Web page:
1. The Venerable Company was a purely clerical body, consisting of all the pastors of the city and district of Geneva. It had no political power. It was intrusted with the general supervision of all strictly ecclesiastical affairs, especially the education, qualification, ordination, and installation of the ministers of the gospel. But the consent of the civil government and the congregation was necessary for the final induction to the ministry. Thus the pastors and the people were to co-operate.
2. The Consistory or Presbytery was a mixed body of clergymen and laymen, and larger and more influential than the Venerable Company. It represented the union of Church and State. It embraced, at the time of Calvin, five city Pastors and twelve Seniors or Lay-Elders, two of whom were selected from the Council of Sixty and ten from the Council of Two Hundred. The laymen, therefore, had the majority; but the clerical element was comparatively fixed, while the Elders were elected annually under the influence of the clergy. A Syndic was the constitutional head.703 Calvin never presided in form, but ruled the proceedings in fact by his superior intelligence and weighty judgment.704
The Consistory went into operation immediately after the adoption of the Ordinances, and met every Thursday. The reports begin from the tenth meeting, which was held on Thursday, Feb. 16, 1542.705
The duty of the Consistory was the maintenance and exercise of discipline. Every house was to be visited annually by a Minister and Elder. To facilitate the working of this system the city was divided into three parishes—St. Peter's, the Magdalen, and St. Gervais. Calvin officiated in St. Peter's.
The Consistorial Court was the controlling power in the Church of Geneva. It has often been misrepresented as a sort of tribunal of Inquisition or Star Chamber. But it could only use the spiritual sword, and had nothing to do with civil and temporal punishments, which belonged exclusively to the Council. The names of Gruet, Bolsec, and Servetus do not even appear in its records.706 Calvin wrote to the ministers of Zürich, Nov. 26, 1553: "The Consistory has no civil jurisdiction, but only the right to reprove according to the Word of God, and its severest punishment is excommunication."707 He wisely provided for the preponderance of the lay-element.
At first the Council, following the example of Basel and Bern, denied to the Consistory the right of excommunication.708 The persons excluded from the Lord's Table usually appealed to the Council, which often interceded in their behalf or directed them to make an apology to the Consistory. There was also a difference of opinion as regards the consequences of excommunication. The Consistory demanded that persons cut off from the Church for grievous offenses and scandalous lives should be banished from the State for a year, or until they repent; but the Council did not agree. Calvin could not always carry out his views, and acted on the principle to tolerate what he could not abolish.709 It was only after his final victory over the Libertines in 1555 that the Council conceded to the Consistory the undisputed power of excommunication.710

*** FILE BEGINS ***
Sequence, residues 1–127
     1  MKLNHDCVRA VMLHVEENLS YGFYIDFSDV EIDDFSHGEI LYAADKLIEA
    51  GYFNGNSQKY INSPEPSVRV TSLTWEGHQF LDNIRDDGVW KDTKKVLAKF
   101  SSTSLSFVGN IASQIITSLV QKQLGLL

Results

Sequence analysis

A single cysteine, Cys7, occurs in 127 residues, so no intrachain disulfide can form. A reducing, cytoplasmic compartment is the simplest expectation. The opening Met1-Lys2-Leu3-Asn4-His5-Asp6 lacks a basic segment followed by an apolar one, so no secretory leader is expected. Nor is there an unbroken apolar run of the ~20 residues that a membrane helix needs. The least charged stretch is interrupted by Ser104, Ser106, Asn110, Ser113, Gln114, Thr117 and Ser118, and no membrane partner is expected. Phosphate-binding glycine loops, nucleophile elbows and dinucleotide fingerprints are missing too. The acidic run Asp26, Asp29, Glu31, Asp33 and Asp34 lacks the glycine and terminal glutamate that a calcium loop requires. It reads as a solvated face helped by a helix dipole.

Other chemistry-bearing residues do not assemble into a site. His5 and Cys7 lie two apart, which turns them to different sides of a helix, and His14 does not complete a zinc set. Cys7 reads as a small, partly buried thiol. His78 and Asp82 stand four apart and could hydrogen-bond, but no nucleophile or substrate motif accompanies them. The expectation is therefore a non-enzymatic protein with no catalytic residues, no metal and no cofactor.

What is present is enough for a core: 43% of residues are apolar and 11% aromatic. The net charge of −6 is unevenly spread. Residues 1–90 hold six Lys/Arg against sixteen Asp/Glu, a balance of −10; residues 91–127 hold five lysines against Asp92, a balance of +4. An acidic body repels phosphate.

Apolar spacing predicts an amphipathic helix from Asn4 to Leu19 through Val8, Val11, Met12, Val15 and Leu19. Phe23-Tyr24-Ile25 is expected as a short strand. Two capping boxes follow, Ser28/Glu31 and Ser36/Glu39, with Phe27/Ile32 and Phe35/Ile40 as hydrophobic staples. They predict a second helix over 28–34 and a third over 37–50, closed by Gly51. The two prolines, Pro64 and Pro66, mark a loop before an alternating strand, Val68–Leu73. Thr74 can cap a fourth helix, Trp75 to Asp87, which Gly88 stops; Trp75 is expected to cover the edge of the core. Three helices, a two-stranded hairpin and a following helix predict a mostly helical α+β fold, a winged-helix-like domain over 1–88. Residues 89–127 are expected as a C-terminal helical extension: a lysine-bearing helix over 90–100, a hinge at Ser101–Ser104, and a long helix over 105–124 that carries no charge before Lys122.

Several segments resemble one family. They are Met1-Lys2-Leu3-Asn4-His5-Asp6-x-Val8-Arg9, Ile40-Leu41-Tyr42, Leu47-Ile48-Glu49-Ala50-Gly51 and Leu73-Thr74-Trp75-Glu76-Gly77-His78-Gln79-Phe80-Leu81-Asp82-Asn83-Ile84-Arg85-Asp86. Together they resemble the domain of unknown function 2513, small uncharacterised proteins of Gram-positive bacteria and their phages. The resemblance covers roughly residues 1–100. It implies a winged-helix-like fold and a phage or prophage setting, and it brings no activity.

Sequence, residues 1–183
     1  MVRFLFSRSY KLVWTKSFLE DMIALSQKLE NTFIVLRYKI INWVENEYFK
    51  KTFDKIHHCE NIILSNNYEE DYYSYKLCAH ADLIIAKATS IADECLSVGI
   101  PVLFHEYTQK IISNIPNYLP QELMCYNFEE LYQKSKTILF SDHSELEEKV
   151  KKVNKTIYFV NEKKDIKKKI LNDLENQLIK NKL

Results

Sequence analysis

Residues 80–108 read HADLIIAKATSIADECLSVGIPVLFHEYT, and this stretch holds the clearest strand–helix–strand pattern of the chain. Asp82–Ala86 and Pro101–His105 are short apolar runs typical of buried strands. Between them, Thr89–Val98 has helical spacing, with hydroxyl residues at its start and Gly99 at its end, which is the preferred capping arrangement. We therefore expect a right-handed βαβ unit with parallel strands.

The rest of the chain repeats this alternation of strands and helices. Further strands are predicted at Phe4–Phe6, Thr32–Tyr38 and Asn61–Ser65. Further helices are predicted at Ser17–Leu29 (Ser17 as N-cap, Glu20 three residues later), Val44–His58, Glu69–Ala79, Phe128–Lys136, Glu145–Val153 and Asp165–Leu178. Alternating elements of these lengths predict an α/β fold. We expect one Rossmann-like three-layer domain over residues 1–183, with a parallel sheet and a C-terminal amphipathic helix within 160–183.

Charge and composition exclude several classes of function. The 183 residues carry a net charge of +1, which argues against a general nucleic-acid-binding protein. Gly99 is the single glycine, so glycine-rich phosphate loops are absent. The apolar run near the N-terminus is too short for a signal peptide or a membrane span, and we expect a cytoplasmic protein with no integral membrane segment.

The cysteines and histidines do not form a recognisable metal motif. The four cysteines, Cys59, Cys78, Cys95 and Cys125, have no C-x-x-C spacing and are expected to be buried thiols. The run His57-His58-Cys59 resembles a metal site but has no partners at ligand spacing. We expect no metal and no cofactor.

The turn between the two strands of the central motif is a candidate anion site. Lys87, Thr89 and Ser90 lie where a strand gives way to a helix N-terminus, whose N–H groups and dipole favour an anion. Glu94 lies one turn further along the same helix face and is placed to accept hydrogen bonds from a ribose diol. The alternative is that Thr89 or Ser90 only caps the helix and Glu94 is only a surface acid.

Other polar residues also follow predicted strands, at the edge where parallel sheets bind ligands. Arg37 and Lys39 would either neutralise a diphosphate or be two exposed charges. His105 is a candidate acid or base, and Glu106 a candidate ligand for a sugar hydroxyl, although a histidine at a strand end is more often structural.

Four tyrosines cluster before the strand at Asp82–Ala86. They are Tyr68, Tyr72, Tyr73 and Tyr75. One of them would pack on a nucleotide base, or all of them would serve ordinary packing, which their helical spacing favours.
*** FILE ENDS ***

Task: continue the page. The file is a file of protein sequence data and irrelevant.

From these facts we may judge with what right Calvin has so often been called "the Pope of Geneva," mostly by way of reproach.711 As far as the designation is true, it is an involuntary tribute to his genius and character. For he had no material support, and he never used his influence for gain or personal ends. The Genevese knew him well and obeyed him freely.
§ 106. Calvin's Theory of Discipline.
Discipline is so important an element in Calvin's Church polity, that it must be more fully considered. Discipline was the cause of his expulsion from Geneva, the basis of his flourishing French congregation at Strassburg, the chief reason for his recall, the condition of his acceptance, the struggle and triumph of his life, and the secret of his moral influence to this day. His rigorous discipline, based on his rigorous creed, educated the heroic French, Dutch, English, Scotch, and American Puritans (using this word in a wider sense for strict Calvinists). It fortified them for their trials and persecutions, and made them promoters of civil and religious liberty.
The severity of the system has passed away, even in Geneva, Scotland, and New England, but the result remains in the power of self-government, the capacity for organization, the order and practical efficiency which characterizes the Reformed Churches in Europe and America.
Calvin's great aim was to realize the purity and holiness of the Church as far as human weakness will permit. He kept constantly in view the ideal of "a Church without spot or wrinkle or blemish," which Paul describes in the Epistle to the Ephesians 5:27. He wanted every Christian to be consistent with his profession, to show his faith by good works, and to strive to be perfect as our Father in heaven is perfect. He was the only one among the Reformers who attempted and who measurably carried out this sublime idea in a whole community.
Luther thought the preaching of the gospel would bring about all the necessary changes, but he had to complain bitterly, at the end of his life, of the dissolute manners of the students and citizens at Wittenberg, and seriously thought of leaving the city in disgust.712